It is that time of year in the garden that I envision for many months, beginning on frigid, dark winter evenings when I winter sow my first seeds of the year, when the garden outside is asleep under a blanket of snow. In the following months, seeds are sown, cuttings and seedlings are nursed along in the basement under lights, and all are eventually planted out in the garden over the course of a couple of weeks in May. When the plants I’ve raised are initially planted out in my garden beds, I always have a hard time imagining all that space between the tiny plants eventually filling in; my temptation is always to plant them a bit closer together than I know I should. After years of doing this, I’ve come to learn to trust that they always fill in, grow together into a tall hedge, and bloom.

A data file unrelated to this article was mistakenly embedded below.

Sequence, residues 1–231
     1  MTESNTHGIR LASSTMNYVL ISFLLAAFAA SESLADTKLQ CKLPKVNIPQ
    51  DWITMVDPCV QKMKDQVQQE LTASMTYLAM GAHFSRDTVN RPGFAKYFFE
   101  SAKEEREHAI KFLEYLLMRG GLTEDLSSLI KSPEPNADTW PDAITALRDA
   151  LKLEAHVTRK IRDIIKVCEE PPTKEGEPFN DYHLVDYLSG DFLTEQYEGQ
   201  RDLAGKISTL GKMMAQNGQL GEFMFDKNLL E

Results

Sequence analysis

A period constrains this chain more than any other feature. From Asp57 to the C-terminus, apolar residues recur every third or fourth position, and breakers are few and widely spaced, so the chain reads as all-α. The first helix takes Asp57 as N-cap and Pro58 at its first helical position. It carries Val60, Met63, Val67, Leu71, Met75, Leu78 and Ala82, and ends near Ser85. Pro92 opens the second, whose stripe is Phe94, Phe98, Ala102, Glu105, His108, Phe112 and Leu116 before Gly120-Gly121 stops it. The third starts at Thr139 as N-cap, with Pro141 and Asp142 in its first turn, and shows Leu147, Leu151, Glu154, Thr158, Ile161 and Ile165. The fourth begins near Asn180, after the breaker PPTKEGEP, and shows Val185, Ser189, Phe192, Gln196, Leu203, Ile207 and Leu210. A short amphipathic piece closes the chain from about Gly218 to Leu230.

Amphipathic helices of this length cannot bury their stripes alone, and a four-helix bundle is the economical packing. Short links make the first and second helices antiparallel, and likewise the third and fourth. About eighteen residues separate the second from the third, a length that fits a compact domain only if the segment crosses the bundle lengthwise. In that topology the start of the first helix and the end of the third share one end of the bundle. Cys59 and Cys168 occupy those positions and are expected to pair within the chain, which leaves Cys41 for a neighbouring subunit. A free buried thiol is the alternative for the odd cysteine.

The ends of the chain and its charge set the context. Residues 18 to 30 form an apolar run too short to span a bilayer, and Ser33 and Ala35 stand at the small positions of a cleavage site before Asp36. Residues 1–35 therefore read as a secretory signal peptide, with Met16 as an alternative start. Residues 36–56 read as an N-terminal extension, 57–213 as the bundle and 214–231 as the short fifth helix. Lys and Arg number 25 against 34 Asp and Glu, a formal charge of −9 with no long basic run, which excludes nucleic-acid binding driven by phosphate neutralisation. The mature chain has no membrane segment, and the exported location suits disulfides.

The peak of bloom of my large annual beds of Salvias coincides with the late summer hummingbird feeding frenzy. The young are out of the nest, the adults have turned their attention to migration, and all are feeding as much as possible to consume the energy they will need to make the journey back south to Mexico and Central America, where they will spend the winter. Use of my feeders peaks during the last half of August and first week of September, during which time I mix up about a gallon of nectar a day for the hungry hummers to consume. It is an absolute joy to be out in the garden at this time, hummers darting about among the masses of flowers, chasing others away from their nectar-filled flowers, born on the same plants I started from a tiny seed or cutting many months ago.